Friday, July 30, 2010

Gevo Turning Cellulose into Fuels, Plastics, Clothing, etc.


Renewable chemicals company Gevo is now producing a range of products from biomass cellulose-derived sugars. These products include fuels usable as gasoline and diesel replacements, as well as jet fuel. Other high value products from biomass include plastics and clothing fiber materials. Gevo first ferments isobutanol from biomass (cellulose-derived sugars), then converts the isobutanol to other high value materials.
Gevo uses synthetic biology and metabolic engineering to develop biocatalysts (fermentation organisms) to make only isobutanol via fermentation at high concentrations—i.e., without the typical expression co-products. The initial generation biocatalyst operates on fermentable sugars from grain crops, sugar cane and sugar beets. Gevo has already produced renewable gasoline and jet fuel that meet or exceed all ASTM specifications.

The company is now developing a new generation of biocatalysts that can use the mixed sugars from biomass to produce cellulosic isobutanol.

To operate its fermentation at optimum conditions for the organism, and within the process conditions found in ethanol plants, Gevo developed a novel separation technology. The solution uses a process innovation for continuous separation of the isobutanol—which in high concentrations inhibits the growth of microorganisms—as it is produced.

...What’s new is the cost-effective production and purification of isobutanol from biomass. Gevo projects that the cash operating cost for its hydrocarbon fuel is competitive with $65 per barrel crude oil (without incentives).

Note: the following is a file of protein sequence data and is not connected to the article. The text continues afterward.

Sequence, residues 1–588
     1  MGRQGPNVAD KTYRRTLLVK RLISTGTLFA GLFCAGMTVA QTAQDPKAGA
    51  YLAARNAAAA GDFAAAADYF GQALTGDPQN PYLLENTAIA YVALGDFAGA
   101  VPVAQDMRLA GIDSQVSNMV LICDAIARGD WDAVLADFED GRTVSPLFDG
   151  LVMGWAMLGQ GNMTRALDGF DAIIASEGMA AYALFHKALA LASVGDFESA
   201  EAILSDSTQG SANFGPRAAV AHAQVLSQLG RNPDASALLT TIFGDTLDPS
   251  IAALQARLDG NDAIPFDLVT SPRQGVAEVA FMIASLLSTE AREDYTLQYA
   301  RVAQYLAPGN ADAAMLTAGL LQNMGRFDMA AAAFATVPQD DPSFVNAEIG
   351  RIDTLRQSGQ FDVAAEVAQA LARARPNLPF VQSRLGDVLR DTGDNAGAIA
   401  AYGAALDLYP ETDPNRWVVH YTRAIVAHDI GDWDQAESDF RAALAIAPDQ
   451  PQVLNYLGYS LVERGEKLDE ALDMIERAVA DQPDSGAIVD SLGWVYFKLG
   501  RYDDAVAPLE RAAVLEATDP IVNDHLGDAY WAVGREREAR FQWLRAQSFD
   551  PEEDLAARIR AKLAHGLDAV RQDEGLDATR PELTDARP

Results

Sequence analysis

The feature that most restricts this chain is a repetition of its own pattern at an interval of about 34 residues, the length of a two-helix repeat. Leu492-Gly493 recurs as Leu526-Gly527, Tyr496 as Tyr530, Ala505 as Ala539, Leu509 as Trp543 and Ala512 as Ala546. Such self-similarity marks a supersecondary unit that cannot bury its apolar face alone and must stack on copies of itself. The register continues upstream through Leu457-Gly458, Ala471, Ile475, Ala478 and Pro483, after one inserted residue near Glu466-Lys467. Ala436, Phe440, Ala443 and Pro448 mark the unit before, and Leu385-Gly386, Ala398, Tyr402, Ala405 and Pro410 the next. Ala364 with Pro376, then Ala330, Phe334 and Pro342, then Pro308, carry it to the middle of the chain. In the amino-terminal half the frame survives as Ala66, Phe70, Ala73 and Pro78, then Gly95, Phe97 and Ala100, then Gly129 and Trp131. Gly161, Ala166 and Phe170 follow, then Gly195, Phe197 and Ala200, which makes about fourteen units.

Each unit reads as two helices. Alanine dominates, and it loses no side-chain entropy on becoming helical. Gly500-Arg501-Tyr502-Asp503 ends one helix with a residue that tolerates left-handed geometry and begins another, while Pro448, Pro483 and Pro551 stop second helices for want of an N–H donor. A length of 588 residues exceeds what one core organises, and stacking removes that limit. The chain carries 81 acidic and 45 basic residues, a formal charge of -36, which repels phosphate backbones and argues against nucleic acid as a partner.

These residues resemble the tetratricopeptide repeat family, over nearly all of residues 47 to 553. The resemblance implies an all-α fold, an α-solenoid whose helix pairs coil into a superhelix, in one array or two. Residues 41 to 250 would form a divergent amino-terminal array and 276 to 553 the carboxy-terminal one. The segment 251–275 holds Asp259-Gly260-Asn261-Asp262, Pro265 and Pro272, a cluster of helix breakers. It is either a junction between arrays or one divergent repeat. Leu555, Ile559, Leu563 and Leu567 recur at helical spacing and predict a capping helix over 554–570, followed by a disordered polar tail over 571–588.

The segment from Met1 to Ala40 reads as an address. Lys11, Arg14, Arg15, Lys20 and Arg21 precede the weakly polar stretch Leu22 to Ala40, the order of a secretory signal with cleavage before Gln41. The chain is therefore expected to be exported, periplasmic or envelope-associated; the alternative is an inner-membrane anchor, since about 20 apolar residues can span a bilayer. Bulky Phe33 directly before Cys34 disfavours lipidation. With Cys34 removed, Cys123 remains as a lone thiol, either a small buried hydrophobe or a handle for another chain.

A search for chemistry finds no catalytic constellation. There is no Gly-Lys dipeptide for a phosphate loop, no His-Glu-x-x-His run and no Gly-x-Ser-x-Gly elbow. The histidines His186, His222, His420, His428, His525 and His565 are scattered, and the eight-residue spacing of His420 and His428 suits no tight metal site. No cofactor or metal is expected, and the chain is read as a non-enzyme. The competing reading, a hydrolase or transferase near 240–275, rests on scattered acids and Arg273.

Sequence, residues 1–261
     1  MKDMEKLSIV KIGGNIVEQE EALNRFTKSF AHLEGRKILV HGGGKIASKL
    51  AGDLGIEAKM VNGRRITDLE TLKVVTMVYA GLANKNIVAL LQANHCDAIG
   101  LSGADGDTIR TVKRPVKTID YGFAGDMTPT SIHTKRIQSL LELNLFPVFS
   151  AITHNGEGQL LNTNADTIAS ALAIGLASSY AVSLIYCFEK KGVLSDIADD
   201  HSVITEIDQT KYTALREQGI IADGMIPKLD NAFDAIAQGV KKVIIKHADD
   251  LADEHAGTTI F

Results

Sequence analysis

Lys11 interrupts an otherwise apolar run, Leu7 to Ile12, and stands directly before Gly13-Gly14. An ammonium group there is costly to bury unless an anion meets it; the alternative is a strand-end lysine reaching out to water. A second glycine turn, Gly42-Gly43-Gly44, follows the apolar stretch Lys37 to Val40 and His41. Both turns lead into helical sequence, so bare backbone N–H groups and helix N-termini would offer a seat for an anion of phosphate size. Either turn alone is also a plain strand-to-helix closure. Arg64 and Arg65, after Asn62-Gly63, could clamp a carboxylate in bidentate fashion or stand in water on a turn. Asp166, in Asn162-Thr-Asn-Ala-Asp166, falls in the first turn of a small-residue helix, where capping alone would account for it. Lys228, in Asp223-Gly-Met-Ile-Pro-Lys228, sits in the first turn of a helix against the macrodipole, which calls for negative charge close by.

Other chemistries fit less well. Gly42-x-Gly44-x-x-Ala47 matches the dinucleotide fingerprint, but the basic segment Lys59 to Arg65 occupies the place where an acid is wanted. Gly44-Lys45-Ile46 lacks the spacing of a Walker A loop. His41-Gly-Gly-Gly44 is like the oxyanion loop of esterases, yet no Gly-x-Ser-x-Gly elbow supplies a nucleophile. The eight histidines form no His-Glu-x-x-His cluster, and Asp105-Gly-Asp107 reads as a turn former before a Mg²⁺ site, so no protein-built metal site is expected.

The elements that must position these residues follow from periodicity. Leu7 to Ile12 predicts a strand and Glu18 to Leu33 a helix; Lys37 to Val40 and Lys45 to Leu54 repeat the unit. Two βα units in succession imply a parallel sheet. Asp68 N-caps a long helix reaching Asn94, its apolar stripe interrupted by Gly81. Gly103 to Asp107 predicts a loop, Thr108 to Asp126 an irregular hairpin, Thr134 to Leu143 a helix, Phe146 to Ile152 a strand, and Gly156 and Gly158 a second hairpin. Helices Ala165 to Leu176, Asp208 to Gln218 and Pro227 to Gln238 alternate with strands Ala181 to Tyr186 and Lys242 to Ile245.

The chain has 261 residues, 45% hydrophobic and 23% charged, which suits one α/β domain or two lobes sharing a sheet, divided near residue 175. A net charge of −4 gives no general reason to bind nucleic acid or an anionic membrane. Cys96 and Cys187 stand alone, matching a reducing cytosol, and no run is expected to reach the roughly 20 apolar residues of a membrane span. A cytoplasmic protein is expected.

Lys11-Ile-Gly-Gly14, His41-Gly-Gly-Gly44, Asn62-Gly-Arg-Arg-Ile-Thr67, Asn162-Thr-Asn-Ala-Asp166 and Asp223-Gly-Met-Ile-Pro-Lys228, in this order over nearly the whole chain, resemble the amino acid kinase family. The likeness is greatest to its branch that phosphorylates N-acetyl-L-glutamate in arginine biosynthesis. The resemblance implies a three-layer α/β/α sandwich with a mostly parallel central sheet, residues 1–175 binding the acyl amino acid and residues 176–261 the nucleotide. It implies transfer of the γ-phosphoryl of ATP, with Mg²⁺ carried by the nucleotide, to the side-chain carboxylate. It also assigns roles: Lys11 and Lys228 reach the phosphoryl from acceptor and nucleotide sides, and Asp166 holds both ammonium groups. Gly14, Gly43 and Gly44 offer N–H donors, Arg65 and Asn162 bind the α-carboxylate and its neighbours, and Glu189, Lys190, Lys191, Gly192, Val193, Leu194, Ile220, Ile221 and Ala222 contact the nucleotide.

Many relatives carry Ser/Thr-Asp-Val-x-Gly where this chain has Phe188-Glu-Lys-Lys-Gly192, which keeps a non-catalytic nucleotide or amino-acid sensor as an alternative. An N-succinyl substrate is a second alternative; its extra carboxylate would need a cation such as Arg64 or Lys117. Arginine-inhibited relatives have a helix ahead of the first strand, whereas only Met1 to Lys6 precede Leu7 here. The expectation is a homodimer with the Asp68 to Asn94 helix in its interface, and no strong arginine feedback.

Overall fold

Isobutanol can also be used directly as a gasoline blendstock and as a building block in the production of hydrocarbons found in petroleum-derived gasoline, jet and diesel fuels. _GCC

As Gevo improves its yields at all stages of its processes, the economics of Gevo's potential operations should become more clear. Biomass is not energy-dense, which means that pre-processing stages will need to be made cheap, light, and portable so as to go where the biomass is -- for purposes of densification of the energy resource. That will involve many small, local scale pre-processing plants -- some of them portable by truck or rail.

Preliminary products will then be shipped or piped to several regional processing plants for conversion into isobutanol and higher value products. A few more central plants may exist for more complex conversions and synthesis -- or chemical intermediates would be sold in bulk to other companies for final conversion in some special cases.

It is unclear how far into industrial production Gevo wants to go. The market exists for very large numbers of local pre-processing plants, and a significant number of regional processing plants.

Biomass can be derived from agricultural and forestry waste, and dedicated energy crops and fast growing trees. But the best prospect for high yield biomass at this time is micro-algae. Most of the problems preventing economic production of biodiesel from algae are not applicable to Gevo's process using algal biomass -- not algal oils.


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